Ultimately the changes will, among other things, (i) change the requirements that short-term debt securities must satisfy in order to be distributed under the short-term debt prospectus exemption; (ii) make the short-term debt prospectus exemption unavailable for securitized products such as asset-backed commercial paper; and (iii) introduce a new short-term securitized products prospectus exemption. The new requirements for reliance on the amended short-term debt exemption include the imposition of a new “modified split rating condition”, which will require that, in addition to satisfying the rating threshold condition (that the short-term debt has at least one credit rating at or above the prescribed threshold), the short-term debt not have any rating that is below those prescribed.

As we've previously discussed, these focused changes in respect of short-term securitized products are a retreat from the more comprehensive proposals to establish a new framework for the regulation of securitized products proposed in 2011.

Assuming Ministerial approvals, the changes will come into force on May 5, 2015. Notably, the CSA has also announced changes to the accredited investor and minimum amount investment prospectus exemptions. 

OSC introduces harmonized family, friends and business associates prospectus exemption

On February 19, the Ontario Securities Commission announced that it is introducing a family, friends and business associates prospectus exemption intended to be substantially harmonized with the exemption available in other Canadian jurisdictions.

The exemption will allow issuers other than investment funds, subject to certain conditions, to distribute securities to the issuer's directors, executive officers, control persons and founders, as well as certain family members, close personal friends and close business associates of such persons. Much like in the case of the CSA's recently-announced amendments to the accredited investor and minimum amount investment prospectus exemptions, Ontario's new exemption will require that purchasers sign a risk acknowledgement form in order for issuers to rely on the exemption.

Assuming Ministerial approval, the new exemption will come into force on May 5, 2015, at which time, the existing "Founder, Control Person and Family Exemption" under National Instrument 45-106 Prospectus and Registration Exemptions (which was only available in Ontario) will be repealed. The introduction of the new exemption also corresponds with the adoption of the CSA's changes to accredited investor and minimum amount investment prospectus exemptions in NI 45-106, which will also come into force on the same date along with various other consequential amendments.

Existing Canadian trade reporting rules add EU to substituted compliance provision

The securities regulators in Ontario, Manitoba and Quebec recently released changes to their respective rules regulating trade repositories and derivatives data reporting to extend their substituted compliance provisions to reporting counterparties that report pursuant to European Union derivatives reporting rules.

As you may recall, the substituted compliance provisions effectively exempt certain entities from data reporting requirements under the Canadian rules where they comply with the equivalent trade reporting laws of certain specified foreign jurisdictions. The European Union derivatives reporting rules now join the reporting rules of the CFTC as “equivalent reporting obligations” for the purposes of the exemption. Under these “limited” substituted compliance provisions, the exemption is only available where local counterparty is a registered derivatives dealer or a guaranteed affiliate of a local counterparty.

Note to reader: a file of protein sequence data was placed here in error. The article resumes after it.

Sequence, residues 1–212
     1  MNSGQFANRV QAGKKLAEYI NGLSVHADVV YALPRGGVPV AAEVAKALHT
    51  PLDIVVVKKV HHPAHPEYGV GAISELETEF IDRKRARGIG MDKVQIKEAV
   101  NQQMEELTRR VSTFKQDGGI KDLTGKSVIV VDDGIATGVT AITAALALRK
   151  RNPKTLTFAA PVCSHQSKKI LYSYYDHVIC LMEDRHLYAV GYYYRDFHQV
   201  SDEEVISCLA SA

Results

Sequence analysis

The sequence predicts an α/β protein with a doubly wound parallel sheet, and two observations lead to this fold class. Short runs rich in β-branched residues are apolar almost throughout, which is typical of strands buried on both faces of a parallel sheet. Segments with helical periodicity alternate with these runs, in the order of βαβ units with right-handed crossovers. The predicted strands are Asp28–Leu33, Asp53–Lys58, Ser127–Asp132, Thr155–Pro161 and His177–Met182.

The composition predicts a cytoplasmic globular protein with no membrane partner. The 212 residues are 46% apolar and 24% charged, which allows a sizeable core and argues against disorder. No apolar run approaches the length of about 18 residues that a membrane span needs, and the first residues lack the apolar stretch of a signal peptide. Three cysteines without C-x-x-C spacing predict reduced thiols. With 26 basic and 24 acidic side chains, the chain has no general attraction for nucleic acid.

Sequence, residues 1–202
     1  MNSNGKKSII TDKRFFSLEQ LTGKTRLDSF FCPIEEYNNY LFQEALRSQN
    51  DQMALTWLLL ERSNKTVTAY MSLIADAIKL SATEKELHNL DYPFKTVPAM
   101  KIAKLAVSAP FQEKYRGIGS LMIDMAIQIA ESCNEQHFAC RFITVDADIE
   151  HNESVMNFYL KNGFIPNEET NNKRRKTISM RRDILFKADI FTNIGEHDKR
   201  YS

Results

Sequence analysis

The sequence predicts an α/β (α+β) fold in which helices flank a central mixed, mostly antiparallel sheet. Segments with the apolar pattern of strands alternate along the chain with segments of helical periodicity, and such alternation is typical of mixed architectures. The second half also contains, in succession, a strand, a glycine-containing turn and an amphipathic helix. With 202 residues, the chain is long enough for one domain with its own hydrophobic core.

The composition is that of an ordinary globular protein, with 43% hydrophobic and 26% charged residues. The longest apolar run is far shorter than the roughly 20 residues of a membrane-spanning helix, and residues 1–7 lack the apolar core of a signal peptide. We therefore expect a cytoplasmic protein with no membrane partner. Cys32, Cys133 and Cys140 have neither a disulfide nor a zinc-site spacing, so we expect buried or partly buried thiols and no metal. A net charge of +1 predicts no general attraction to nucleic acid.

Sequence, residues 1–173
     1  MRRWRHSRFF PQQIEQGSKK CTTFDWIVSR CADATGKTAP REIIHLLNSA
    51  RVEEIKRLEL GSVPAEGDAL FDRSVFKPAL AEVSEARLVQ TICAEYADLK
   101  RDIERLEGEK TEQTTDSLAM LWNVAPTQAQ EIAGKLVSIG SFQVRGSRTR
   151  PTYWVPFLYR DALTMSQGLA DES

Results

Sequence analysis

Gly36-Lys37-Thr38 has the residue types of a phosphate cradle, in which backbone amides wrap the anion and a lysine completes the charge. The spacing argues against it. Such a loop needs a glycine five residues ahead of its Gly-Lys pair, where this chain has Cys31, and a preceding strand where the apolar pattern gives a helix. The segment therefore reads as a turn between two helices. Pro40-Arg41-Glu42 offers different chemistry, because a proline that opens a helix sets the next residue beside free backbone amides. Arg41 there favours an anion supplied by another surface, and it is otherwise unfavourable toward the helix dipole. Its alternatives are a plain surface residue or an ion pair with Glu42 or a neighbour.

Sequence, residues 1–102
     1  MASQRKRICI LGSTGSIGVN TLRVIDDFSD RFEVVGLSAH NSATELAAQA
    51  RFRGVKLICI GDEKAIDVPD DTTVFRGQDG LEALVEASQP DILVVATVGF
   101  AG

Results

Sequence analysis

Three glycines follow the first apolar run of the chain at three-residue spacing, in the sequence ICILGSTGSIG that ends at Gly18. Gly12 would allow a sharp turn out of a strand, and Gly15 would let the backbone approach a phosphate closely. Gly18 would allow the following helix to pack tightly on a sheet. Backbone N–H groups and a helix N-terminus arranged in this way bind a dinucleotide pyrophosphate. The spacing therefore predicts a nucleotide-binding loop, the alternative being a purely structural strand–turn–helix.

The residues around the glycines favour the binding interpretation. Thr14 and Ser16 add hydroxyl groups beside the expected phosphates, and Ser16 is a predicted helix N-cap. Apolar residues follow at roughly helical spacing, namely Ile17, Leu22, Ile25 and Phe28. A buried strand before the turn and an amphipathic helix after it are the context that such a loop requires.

The amendments will also delay the requirement that designated trade repositories publicly disseminate transaction-level data to July 29, 2016. Transaction-level data reporting had been scheduled to come into force on April 30, 2015.

These amendments were made to the local rule 91-507 in each of Ontario, Manitoba and Quebec, with consequential amendments to Companion Policy 91-506. For more information on Canadian rules on trade repositories and data reporting, see our previous post on the subject.

CSA report on medical marijuana issuer finds disappointing disclosure deficiencies

The Canadian Securities Administrators today released the results of CSA staff’s review of continuous disclosure by reporting issuers announcing their intention to enter Canada's medical marijuana industry. Generally, CSA staff found that the reviewed issuers had unbalanced and promotional disclosure, and requested that 92% of the issuers reviewed file clarifying disclosure.

This review follows significant interest by reporting issuers and investors in the medial marijuana industry, with the CSA noting that a substantial number of issuers (a majority being in the junior mining industry) announced their intention to explore opportunities in the industry after the introduction of federal regulations effective April 1, 2014, to govern the production, distribution and use of medical marijuana in Canada.

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Canada adds to list of prohibited entities and individuals under Russia and Ukraine sanctions

Earlier this week, the Canadian government announced it is updating the schedules of designated persons and entities to whom sanctions apply in respect of Russia and Ukraine.

As we've previously stated, the sanctions generally prohibit Canadians and any person in Canada from, among other things (i) dealing in any property, wherever situated, held by or on behalf of a designated person; (ii) entering into or facilitating, directly or indirectly, any transaction related to a dealing referred to in paragraph (i); (iii) providing any financial or other related service in respect of a dealing referred to in paragraph (i); (iv) making any goods, wherever situated, available to a designated person; or (v) providing any financial or related service to or for the benefit of a designated person. The sanctions also require that various financial entities, including securities dealers and advisers, determine on a continuous basis whether they are in possession or control of property owned or controlled by or on behalf of a designated person.

For details on the Russia and Ukraine sanctions to date, see the website of Foreign Affairs, Trade and Development Canada.